Previous Page An Issue 87.
As technologies and the demand for certain services change, many workers will lose their jobs. The responsibility for those people to adjust to such change should belong to the individual worker, not to government or to business. Question
Discuss the extent to which you agree or disagree with the opinion stated above. Support your views with reasons and / or examples from your own experience, observations or reading. Analysis
As technology and changing social needs render more and more jobs obsolete, who is responsible for helping displaced workers adjust? While individuals have primary responsibility for learning new skills and finding work, both industry and government have some obligation to provide them the means of doing so.
I agree that individuals must assume primary responsibility for adjusting to job obsolescence especially since our educational system has been preparing us for it. For decades, our schools have been counselling young people to expect and prepare for numerous major career changes during their lives. And concerned educators have recognized and responded to this eventuality with a broader base of practical and theoretical course work that affords students the flexibility to move from one career to another.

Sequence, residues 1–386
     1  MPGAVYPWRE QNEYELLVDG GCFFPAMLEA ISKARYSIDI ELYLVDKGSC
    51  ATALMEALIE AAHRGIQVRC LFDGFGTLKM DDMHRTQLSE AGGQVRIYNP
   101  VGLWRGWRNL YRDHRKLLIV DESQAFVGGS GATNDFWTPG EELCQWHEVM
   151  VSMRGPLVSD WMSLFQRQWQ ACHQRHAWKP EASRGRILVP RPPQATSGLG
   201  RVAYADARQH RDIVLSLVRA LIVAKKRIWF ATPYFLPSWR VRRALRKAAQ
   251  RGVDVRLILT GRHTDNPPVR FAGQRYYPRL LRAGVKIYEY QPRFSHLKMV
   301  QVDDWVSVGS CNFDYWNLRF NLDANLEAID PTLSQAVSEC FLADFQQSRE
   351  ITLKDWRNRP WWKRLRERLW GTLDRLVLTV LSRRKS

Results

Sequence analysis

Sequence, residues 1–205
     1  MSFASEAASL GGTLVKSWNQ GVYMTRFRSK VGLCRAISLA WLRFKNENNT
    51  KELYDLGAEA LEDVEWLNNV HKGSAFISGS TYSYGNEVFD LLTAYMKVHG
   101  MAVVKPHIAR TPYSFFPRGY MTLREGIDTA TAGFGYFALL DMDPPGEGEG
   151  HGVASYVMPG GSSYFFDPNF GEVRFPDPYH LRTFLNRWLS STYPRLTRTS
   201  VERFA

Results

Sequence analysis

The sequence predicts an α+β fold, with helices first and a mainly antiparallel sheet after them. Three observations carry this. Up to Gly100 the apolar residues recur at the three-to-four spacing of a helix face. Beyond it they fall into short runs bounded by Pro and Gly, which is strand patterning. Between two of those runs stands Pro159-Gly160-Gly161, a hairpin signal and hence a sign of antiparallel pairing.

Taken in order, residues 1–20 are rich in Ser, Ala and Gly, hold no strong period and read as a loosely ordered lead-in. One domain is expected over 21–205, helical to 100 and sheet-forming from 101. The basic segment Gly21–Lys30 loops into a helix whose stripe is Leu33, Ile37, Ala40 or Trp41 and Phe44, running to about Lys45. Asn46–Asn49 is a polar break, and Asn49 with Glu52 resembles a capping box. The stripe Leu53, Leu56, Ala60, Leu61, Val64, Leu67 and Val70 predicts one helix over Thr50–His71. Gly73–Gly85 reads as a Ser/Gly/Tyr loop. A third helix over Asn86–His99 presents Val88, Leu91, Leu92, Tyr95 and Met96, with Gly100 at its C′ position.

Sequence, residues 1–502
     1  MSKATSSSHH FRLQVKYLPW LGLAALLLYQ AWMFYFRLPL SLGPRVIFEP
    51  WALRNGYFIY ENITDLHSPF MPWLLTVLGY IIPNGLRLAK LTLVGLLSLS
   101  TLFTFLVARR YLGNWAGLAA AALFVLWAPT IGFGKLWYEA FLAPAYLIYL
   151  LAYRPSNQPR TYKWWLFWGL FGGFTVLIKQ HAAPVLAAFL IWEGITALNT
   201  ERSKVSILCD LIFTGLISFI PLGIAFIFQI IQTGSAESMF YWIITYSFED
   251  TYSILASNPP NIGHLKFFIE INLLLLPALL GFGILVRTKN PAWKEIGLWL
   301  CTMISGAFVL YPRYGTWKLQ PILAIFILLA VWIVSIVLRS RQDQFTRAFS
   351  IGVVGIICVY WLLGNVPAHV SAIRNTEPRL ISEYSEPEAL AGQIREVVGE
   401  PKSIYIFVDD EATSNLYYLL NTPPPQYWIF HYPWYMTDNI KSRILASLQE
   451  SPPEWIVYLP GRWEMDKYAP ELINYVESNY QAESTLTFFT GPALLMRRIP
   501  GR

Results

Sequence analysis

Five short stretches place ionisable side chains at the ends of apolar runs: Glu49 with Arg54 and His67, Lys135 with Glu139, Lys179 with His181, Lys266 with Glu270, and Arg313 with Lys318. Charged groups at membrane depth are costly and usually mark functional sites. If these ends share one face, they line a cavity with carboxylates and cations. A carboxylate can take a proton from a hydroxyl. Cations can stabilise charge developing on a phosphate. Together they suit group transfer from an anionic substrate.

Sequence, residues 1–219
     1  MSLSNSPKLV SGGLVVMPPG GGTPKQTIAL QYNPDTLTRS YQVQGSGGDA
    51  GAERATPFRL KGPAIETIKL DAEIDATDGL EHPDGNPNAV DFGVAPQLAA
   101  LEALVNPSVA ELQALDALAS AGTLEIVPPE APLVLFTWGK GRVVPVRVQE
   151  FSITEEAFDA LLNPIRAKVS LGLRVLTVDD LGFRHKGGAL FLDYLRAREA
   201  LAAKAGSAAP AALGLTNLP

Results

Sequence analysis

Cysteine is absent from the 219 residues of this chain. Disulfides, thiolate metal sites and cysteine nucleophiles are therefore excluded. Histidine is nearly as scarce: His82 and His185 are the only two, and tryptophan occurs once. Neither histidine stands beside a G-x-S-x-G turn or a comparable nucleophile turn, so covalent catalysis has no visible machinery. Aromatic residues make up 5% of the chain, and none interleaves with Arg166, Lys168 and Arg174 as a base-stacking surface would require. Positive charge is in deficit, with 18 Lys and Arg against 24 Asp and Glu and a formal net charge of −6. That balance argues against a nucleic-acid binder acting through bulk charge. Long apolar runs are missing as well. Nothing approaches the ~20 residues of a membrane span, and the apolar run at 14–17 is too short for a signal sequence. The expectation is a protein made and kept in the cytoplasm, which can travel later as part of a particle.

However, industry should bear some of the responsibility as well. It is industry, after all, that determines the particular directions technological progress and subsequent social change will take. And since industry is mainly responsible for worker displacement, it has a duty to help displaced workers adjust through such means as on-site training programs and stipends for further education.
Government should also assume some of the responsibility, since it is partly government money that fuels technological progress in industry. Moreover, government should help because it can help-for example, by ensuring that grants and federally insured student loans are available to those who must retool in order to find new work. Government can also help by observing and recording trends in worker displacement and in job opportunities and by providing this information to individuals so that they can make prudent decisions about their own further education and job searches.
In conclusion, while individuals should be prepared for future job changes, both government and industry shoulder obligations to provide training programs funding and information that will help displaced workers successfully retool and find new employment.